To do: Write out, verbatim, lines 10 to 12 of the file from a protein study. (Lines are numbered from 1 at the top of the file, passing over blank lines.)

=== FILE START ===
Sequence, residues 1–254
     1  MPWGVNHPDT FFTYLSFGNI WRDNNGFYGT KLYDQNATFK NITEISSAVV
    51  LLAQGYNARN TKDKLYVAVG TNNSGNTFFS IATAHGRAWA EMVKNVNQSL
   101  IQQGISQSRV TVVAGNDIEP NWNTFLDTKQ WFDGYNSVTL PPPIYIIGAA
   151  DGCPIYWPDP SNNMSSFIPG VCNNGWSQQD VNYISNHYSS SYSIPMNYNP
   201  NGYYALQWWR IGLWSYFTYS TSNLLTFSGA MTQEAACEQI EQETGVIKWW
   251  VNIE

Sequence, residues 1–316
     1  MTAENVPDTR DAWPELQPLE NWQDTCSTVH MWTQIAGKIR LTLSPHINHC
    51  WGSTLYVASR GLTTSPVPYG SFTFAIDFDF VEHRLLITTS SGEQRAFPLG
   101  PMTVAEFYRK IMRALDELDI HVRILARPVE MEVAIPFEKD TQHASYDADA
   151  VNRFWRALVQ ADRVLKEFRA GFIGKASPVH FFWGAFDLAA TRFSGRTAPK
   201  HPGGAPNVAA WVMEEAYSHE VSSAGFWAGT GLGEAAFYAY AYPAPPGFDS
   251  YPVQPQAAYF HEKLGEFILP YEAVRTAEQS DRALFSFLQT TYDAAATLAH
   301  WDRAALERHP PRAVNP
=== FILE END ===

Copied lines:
    51  WGSTLYVASR GLTTSPVPYG SFTFAIDFDF VEHRLLITTS SGEQRAFPLG
   101  PMTVAEFYRK IMRALDELDI HVRILARPVE MEVAIPFEKD TQHASYDADA
   151  VNRFWRALVQ ADRVLKEFRA GFIGKASPVH FFWGAFDLAA TRFSGRTAPK